Some of the best albie blitzes of the season took place last weekend, as the fish formed good-sized schools that stayed up for long periods of time – relative to the up-and-down feeds of September.
Evan at Eastman’s Sport and Tackle said he hadn’t heard much about the albies since Monday, but that the weekend was excellent. The Elizabeth Islands and Martha’s Vineyard have the best shot at albies right now. On the Vineyard, some larger albies have moved in, as Joel at Larry’s Tackle reported fish to 13 pounds being caught by shore and boat. Big bonito are also feeding around the island, and both shore and boat fishermen are getting shots at them.
While the wind kept Captain John of Fish Chatham Charters at the dock Wednesday and Thursday, from Sunday to Tuesday, he had a tuna each day, 77-, 80-, and 95-inchers. The fishing had been a bit tough, John said, with those being his only bites each day. He said he was marking a good number of fish, but they were being finicky. The ones he caught were full of adult-size bunker, and John suspected a live bunker might have been the ticket to getting more action.
Those big bunker off the Outer Cape are holding some good bass around as well. The Reel Deal Fleet has been adding some striper fishing fun to recent tuna trips by moving close to the beach to fish live baits for stripers. Bass to 20 pounds seem to be hanging off the back side right now.
There were also schools of bunker off Gay Head and the Elizabeths, reported Captain Mel True of Fishnet Charters. Those schools were being harassed by big bass and blues, said Captain Mel.
Jordan at Red Top Sporting Goods reported some good-sized bass running the Canal this week, with topwater plugs taking fish.
Schoolie bass are still feeding heavily just about everywhere on the Cape. Joel at Larry’s said there are plenty of schoolies and a few slot fish on the Vineyard. The salt ponds and harbors on the South Side and in Buzzards Bay are full of schoolies, and the Cape Cod Bay beaches from Plymouth to Barnstable are a good bet for finding hungry stripers in the mid-20-inch range.
Tog fishing is still very good, but Captain Mel of Fishnet Charters said the schools are moving around some. Buzzards Bay heated up this week. There have even been keeper tog taken in the Canal reported Jordan at Red Top.
According to Captain Peter Fallon of Gillies & Fallon Guide Service:
“Saturday may have been the last bonanza day of the season around here, with big numbers of happy albies in locations all around the Cape and Islands as Sunday felt decidedly different. We had a good early bite in Tarpaulin Cove, but then saw little, prospecting up and down the islands mid morning. We thought about running back off the south side of the Vineyard where on Saturday afternoon a buddy called us onto big groups of albies roving in 90 feet of open water that he found on his way looking for small tuna, but decided to play it safe and work deep water structure in the Sounds and were rewarded, albeit not with the mayhem of the day prior but with catchable fish. Tuesday morning it was a shocker to come out of Falmouth Harbor just after sunrise to small pods of splashing albies scattered from the harbor entrance up to Green Pond, but nothing should surprise us with this fish. That action quickly shut off at slack water and we went back to work at locations that have been holding bait consistently.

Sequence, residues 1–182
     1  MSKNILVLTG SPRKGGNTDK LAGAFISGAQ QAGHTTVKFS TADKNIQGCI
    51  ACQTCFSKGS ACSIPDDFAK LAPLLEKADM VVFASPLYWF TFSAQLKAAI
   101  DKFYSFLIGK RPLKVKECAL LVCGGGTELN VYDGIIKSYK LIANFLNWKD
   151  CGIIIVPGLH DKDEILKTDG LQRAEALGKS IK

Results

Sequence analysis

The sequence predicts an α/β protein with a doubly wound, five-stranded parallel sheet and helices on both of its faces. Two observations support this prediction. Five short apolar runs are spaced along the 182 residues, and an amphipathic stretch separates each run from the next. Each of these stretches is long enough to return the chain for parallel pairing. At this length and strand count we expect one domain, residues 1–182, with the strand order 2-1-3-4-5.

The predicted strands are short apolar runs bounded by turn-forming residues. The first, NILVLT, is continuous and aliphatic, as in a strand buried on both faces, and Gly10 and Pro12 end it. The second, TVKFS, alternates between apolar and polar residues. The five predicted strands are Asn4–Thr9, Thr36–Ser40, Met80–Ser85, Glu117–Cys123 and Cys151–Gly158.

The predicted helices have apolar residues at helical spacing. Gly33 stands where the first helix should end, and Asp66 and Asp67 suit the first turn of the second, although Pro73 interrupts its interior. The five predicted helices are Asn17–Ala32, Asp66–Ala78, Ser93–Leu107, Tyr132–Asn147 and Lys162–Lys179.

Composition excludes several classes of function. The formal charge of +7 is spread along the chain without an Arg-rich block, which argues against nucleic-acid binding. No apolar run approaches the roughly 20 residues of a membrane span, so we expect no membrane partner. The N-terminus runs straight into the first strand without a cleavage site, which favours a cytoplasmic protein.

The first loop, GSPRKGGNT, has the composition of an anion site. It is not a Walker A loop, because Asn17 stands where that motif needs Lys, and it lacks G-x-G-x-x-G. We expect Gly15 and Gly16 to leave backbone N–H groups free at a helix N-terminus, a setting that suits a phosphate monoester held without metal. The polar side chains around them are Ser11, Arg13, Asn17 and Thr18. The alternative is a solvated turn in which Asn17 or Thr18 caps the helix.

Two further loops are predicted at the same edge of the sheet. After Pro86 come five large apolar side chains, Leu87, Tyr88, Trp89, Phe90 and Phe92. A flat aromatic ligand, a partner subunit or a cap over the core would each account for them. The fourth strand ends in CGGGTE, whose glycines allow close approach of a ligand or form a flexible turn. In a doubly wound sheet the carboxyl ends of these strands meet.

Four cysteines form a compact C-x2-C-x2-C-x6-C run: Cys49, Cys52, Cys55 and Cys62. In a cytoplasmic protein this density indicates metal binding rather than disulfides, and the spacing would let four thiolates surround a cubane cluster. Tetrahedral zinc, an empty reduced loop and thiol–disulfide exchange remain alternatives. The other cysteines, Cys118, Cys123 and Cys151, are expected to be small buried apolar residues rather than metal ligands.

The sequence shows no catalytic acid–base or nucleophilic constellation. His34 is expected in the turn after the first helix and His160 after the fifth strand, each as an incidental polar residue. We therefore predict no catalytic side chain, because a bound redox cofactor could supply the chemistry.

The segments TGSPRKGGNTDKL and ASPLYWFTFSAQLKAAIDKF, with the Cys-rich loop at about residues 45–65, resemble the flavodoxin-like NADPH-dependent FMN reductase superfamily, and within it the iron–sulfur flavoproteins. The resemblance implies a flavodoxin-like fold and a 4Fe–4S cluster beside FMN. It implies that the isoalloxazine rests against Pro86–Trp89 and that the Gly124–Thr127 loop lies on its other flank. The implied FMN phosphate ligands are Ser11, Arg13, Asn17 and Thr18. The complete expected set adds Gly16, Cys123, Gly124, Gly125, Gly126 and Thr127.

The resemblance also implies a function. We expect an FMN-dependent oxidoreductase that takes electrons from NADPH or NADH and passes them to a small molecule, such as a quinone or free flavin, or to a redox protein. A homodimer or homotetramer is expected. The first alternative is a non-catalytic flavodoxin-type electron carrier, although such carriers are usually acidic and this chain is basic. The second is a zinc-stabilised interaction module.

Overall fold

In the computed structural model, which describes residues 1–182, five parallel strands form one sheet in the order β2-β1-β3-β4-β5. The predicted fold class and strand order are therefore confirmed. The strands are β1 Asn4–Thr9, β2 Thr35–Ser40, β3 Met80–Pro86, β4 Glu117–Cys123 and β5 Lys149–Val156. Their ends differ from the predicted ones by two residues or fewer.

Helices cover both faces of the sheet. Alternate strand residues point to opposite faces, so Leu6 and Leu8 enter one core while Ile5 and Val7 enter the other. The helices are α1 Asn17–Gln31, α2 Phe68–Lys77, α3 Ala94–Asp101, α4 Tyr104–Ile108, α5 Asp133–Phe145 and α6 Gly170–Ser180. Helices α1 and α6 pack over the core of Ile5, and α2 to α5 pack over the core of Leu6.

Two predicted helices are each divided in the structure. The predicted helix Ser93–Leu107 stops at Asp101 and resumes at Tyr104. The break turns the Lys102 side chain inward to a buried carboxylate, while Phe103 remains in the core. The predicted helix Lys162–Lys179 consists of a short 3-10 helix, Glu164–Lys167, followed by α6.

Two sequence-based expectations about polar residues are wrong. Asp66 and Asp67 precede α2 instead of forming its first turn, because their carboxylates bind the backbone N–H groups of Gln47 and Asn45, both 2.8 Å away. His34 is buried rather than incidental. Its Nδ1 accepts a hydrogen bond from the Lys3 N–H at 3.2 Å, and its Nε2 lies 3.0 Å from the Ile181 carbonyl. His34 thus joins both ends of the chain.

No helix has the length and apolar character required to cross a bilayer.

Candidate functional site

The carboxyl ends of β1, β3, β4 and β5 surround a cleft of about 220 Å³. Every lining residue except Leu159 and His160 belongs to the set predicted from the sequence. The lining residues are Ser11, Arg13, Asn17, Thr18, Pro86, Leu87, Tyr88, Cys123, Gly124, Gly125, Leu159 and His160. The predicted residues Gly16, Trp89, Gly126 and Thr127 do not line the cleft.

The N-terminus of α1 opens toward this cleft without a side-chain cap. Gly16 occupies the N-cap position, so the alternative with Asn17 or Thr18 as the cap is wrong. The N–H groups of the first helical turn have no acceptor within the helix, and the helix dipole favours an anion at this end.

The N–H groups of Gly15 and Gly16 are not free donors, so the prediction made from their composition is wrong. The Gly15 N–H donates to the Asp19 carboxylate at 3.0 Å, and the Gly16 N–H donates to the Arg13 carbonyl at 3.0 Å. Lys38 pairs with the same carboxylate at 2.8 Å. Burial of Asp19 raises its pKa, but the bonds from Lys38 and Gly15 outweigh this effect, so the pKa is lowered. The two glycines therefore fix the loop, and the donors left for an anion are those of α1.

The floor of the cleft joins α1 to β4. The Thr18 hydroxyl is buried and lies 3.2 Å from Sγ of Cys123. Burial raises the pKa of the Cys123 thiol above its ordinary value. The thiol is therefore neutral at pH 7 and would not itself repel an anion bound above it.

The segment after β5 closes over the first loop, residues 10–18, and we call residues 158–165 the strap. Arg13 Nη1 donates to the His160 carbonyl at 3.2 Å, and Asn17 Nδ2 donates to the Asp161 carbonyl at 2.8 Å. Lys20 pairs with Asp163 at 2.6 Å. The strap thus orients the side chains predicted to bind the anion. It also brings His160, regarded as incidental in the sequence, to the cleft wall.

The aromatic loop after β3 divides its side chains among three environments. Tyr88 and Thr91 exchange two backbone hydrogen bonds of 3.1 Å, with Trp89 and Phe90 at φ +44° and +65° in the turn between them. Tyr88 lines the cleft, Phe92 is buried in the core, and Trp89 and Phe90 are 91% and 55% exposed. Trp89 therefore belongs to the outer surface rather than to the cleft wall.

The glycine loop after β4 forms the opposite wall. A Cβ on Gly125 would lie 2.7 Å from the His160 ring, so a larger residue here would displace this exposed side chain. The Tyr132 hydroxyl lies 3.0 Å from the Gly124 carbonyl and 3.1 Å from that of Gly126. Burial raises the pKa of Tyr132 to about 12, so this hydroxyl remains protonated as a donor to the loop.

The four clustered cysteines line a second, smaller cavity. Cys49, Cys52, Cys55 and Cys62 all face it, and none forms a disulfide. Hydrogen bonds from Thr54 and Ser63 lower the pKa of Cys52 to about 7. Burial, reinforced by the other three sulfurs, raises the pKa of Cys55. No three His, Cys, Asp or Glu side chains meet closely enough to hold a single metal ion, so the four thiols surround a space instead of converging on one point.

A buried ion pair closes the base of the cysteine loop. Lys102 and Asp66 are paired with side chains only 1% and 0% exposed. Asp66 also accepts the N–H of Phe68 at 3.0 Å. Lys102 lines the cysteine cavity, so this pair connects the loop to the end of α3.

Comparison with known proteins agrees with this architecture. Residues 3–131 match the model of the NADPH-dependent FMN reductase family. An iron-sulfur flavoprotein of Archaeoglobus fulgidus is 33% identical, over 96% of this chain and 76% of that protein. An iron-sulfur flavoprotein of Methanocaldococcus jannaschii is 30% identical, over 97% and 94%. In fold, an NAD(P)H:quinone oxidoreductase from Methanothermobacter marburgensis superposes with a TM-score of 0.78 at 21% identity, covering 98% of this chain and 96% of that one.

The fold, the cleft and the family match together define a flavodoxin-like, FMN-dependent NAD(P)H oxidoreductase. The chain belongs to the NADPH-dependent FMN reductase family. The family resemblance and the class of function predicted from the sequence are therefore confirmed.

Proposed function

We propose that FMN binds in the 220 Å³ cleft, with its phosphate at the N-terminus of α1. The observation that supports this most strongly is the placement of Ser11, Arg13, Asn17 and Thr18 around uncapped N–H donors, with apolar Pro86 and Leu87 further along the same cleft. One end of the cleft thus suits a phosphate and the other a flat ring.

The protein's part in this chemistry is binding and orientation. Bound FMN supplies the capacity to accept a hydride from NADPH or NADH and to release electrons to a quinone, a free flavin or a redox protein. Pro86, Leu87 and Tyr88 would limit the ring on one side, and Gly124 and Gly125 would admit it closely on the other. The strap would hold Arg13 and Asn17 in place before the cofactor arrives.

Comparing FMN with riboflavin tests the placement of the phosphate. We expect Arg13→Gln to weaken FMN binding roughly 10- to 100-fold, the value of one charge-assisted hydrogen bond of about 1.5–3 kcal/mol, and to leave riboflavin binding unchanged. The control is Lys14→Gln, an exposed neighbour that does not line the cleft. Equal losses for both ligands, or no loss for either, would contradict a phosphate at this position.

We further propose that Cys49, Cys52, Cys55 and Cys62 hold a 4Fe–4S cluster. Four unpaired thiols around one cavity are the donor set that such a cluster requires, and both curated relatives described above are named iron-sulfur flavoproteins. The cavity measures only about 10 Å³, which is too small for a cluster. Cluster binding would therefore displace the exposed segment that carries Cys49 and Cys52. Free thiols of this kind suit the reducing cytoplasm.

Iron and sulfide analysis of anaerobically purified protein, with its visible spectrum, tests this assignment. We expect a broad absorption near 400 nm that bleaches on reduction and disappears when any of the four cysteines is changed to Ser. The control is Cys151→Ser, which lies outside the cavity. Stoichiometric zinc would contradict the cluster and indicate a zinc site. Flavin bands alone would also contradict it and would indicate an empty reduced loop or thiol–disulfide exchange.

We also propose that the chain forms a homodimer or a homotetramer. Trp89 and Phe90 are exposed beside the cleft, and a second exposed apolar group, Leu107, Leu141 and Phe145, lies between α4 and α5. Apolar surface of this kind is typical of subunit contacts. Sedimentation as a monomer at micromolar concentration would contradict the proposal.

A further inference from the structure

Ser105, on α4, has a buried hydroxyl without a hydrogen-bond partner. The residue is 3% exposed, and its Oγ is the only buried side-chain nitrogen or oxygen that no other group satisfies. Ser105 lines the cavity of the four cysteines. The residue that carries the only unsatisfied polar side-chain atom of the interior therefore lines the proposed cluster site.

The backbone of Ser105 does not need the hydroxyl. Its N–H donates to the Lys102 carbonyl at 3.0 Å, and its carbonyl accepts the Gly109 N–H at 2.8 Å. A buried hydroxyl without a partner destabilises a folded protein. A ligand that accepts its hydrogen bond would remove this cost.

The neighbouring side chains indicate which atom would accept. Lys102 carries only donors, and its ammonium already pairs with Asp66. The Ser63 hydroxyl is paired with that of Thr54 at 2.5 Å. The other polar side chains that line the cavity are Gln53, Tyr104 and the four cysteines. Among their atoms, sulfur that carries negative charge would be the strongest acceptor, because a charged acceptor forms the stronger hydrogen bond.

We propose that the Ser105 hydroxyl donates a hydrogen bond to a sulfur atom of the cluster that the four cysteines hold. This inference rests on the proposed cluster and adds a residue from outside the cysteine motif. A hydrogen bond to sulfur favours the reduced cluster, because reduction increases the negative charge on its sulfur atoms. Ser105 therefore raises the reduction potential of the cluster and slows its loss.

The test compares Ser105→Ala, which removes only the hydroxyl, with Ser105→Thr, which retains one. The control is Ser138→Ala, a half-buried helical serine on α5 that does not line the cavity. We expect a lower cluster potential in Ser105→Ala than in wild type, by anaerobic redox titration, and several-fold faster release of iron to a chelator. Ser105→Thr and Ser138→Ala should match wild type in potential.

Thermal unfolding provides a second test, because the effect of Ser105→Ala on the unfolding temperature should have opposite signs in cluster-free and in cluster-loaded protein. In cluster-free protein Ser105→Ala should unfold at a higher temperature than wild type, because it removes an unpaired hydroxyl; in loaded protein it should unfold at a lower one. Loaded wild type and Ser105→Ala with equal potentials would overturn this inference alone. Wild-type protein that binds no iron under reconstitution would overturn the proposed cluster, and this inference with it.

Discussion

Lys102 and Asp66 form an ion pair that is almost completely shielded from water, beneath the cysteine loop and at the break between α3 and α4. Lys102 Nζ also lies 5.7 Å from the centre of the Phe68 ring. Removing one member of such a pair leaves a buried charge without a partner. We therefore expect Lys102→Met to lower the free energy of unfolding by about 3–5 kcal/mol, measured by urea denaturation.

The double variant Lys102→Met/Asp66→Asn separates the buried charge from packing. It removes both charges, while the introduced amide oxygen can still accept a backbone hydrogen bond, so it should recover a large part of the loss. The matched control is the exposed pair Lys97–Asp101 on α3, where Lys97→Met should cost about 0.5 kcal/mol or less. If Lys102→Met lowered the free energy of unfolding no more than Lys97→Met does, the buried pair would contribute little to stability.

Those of us still focused on funny fish are again wondering what this big blow will mean. What we know is that there really isn’t a reliable way to predict what the albies will do. Only one way to find out.”
Fishing Forecast for Cape Cod
Saturday looks like a blowout, with strong winds from the west, but Sunday looks fishable for anglers looking to get out and chase albies or target tog. For the rest of the Columbus Day weekend, fishing from shore or freshwater might be the better bet.
In freshwater, pickerel and bass are feeding well, and recently stocked rainbow trout have made fishing a slam dunk at the Cape’s trout ponds.
Tog are the best bet for a fish to take home for dinner, but getting the keepers may involve weeding through a big number of shorts. Bring plenty of crabs. And you don’t need a boat to catch a keeper tog. Casting a crab-baited rig into the Canal around slack water could give you a good shot at taking a tog home.
When the wind picks up again on Saturday, hiding in the backwaters and fishing light tackle for schoolies might be the best option for stripers. Walking an Outer Cape beach with a popper and scanning for bunker schools could be another good strategy.
For tuna, we’ll have to see what’s left when the weather settles down. According to John from Fish Chatham, the smaller recreational-sized fish seemed to be thinning out, but most years, there are opportunities to catch these fish into November, so don’t give up hope just yet.